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A pilot project in Agder will provide better health care for children and young people

Together with several partners, the University of Agder is developing a system for public health centres and the school health services to provide early assistance to children and young people.

Photo of a child holding hands with an adult

“We are developing better digital tools and competencies around children's health in order to provide quick and effective assistance when children need it”, says Thomas Westergren.

He is a postdoctoral research fellow at the University of Agder (UiA) and head of the project ‘Godt begynt – barn og unge i Agder’ (Well begun – children and young people in Agder). The project has been ongoing since 2018 and was led by Kristiansand municipality from the beginning.

Postdoktor Thomas Westergren ved UiA leder prosjektet Godt begynt – varig endring i Agder, som skal gi barn og unge hurtig og tilpasset hjelp når de trenger det.

Postdoctoral Research Fellow Thomas Westergren at UiA is heading the project ‘Well begun – children and young people in Agder’, which will give children and young people quick and tailored help when they need it.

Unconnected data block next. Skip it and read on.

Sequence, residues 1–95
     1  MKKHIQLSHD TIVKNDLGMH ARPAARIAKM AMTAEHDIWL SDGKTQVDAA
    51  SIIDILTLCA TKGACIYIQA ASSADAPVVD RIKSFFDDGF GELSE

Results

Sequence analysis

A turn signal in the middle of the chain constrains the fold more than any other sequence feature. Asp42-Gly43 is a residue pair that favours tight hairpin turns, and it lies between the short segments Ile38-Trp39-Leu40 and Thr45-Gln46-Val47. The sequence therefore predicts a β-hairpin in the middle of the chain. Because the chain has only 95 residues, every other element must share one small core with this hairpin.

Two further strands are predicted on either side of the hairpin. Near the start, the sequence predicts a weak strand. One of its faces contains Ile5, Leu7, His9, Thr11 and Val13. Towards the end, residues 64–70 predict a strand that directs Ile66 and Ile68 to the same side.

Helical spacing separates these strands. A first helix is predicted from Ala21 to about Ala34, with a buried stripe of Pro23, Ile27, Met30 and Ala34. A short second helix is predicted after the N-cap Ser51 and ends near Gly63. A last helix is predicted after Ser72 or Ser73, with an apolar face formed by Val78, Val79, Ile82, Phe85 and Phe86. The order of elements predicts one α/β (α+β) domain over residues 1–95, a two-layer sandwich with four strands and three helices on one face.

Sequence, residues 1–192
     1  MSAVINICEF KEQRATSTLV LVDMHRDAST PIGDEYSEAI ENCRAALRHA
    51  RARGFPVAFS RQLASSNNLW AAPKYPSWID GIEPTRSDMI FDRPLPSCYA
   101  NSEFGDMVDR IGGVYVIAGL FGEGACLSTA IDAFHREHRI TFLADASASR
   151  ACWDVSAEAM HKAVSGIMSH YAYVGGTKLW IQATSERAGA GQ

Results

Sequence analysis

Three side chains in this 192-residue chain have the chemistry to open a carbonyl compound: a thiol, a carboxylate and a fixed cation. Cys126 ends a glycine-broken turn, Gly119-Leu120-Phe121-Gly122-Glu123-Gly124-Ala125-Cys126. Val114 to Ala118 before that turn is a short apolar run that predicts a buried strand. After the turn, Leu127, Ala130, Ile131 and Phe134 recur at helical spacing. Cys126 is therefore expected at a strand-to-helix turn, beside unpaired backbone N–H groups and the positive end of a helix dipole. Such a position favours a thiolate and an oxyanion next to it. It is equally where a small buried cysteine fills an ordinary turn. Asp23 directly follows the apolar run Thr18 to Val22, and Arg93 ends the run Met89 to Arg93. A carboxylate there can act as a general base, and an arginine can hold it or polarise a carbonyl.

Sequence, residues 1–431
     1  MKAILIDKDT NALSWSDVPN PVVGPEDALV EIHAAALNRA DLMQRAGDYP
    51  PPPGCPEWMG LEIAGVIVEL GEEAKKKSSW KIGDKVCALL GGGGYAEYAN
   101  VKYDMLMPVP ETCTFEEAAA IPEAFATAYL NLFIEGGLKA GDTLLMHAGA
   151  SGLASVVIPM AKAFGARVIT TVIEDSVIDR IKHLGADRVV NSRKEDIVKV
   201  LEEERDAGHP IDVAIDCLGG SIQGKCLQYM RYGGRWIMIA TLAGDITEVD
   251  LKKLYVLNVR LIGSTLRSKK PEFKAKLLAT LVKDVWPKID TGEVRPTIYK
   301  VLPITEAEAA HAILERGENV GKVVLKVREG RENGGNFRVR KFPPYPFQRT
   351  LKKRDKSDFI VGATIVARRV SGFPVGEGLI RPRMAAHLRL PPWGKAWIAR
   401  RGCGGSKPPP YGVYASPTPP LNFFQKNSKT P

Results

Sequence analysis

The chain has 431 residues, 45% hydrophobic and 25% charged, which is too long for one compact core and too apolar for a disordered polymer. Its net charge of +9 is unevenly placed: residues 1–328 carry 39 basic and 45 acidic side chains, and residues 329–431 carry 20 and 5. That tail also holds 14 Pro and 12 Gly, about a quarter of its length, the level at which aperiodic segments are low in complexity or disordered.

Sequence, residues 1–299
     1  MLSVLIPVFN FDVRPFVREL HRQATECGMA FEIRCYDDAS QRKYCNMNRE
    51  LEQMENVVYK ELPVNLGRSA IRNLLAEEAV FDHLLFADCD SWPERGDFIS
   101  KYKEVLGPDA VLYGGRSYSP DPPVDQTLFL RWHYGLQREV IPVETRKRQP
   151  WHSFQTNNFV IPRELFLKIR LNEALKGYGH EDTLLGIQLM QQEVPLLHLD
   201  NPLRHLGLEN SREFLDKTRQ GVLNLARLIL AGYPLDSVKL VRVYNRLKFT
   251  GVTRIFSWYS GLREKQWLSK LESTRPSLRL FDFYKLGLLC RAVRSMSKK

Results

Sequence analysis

“The tools we develop will be used at public health centres and in the school health services, helping public health nurses to provide quick and timely assistance to children who need it from their first year of life through to upper secondary school”, says Westergren.

Project support for five years

The project has now received financial support from the Sørlandet Knowledge Foundation and the Aust-Agder utviklings- og kompetansefond amounting to NOK 5.77 million spread over five years.

The project has a total budget of NOK 15.85 million for the period 2020-24 for the partners UiA, Kristiansand municipality, the Hospital of Southern Norway, Agder county municipality, Egde Consulting and the Norwegian Institute of Public Health.

“All children are in contact with the public health centre and school health services which have unique resources. Systematic use of children's health data, that the children themselves or their parents report, is crucial for identifying children who are having difficulties and for helping them quickly”, says Westergren.

The tools include a questionnaire on the development of children's and young people's health and quality of life. The parents - and the children when they are old enough - can log on, when requested, and submit their answers to a public health nurse before coming for a consultation. Public health nurses will thus have a better understanding when they meet and can address issues the family is concerned about.

The same information can be used in the municipality to assess and improve health services. Westergren and his colleagues will also examine the measures to find out how they work and what can be improved.